On the Rocks 

James Balog launched the Extreme Ice Survey to photograph melting glaciers from Glacier National Park to Greenland. He got the images, but now comes the hard part.

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CS Indy: How do you show the extinction of a penguin colony, for instance?

Balog: Trade secret. If I tell you and you publish it there will be competitors who will poach it from me. But I just learned about this project a month ago and by the time I got done learning about it I thought, "... I can photograph that with time lapse. Nobody's done that before."

click to enlarge Alaska’s Columbia Glacier, pictured here in 2006, has retreated a total of 10 miles since 1984. When tidewater glaciers like Columbia reach an unstable phase, vast amounts of ice can be dumped rapidly into the sea. - PHOTOS COURTESY OF THE EXTREME ICE SURVEY
  • photos courtesy of the Extreme Ice Survey
  • Alaska‚Äôs Columbia Glacier, pictured here in 2006, has retreated a total of 10 miles since 1984. When tidewater glaciers like Columbia reach an unstable phase, vast amounts of ice can be dumped rapidly into the sea.

CS Indy: Something I wanted to make sure we asked about was Copenhagen. There's the feeling of going backward on global responsibility on climate change. Obviously, the U.S. didn't participate in Kyoto, but now that's expired and there's a much weaker agreement. What hope is there for global consensus that will actually make a meaningful difference?

Balog: Yeah, there's certainly a sense of frustration with what came out of [Copenhagen], but I don't think it can be that one incredibly important thing can be ignored—that is that the United States is back in with the game of engaging with the rest of the world. And I heard it over and over again from people from other countries, from other delegations. All the people who come from elsewhere say, "You guys are here! You've got an administration that's paying attention to the science, for crying out loud! Finally, finally you guys are at the table in a big way." That's a big positive development, bittersweet and frustrating as it is for us in the United States at times to think in those terms.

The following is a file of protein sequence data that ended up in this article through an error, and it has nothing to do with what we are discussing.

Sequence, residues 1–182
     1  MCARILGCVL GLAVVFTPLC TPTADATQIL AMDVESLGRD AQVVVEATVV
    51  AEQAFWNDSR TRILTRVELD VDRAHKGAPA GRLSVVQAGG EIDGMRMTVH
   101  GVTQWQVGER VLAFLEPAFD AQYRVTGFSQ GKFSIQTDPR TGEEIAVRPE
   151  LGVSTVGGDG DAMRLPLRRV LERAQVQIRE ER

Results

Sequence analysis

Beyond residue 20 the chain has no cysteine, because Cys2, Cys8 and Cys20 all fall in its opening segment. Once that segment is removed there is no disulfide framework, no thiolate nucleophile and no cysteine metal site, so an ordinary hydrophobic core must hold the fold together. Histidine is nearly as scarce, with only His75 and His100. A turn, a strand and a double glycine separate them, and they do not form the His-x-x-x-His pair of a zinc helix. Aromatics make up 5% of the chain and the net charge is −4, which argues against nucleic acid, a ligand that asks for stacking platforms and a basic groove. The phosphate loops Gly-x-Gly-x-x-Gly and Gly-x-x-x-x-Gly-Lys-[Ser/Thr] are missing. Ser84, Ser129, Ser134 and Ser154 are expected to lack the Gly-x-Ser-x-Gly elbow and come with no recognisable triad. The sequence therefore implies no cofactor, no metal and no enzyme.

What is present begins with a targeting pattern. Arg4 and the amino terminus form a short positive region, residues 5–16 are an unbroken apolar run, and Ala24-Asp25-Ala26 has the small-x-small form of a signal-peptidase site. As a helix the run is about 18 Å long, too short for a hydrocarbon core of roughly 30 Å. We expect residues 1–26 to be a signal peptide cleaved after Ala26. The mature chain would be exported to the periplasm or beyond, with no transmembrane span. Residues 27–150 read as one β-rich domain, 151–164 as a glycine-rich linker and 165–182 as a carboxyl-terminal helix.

I think Copenhagen kind of grabbed us all by the lapels and said, "We can only go so far, and it's going to come to individuals doing individual things in individual places."

CS Indy: And you're going to be working as an ECO ambassador at the Olympics?

Balog: Yeah, Samsung hired us to be their official ECO ambassador to the Winter Olympics.

CS Indy: So what does that mean?

Balog: Giving speeches, and they show our pictures in an electronic exhibition on the big Jumbotron screens and stuff like that.

CS Indy: I heard that they're having trouble with one of their hills for the snow sports—it's just dirt.

Balog: It's been a bad year. It's been really warm and rainy.

This story originally appeared in the Colorado Springs Independent. "Extreme Ice" appears on Montana PBS Friday, Feb. 19, at noon and Sunday, Feb. 21, at midnight. Find more information about the Extreme Ice Survey at www.extremeicesurvey.org, and James Balog's photography at www.jamesbalog.com.

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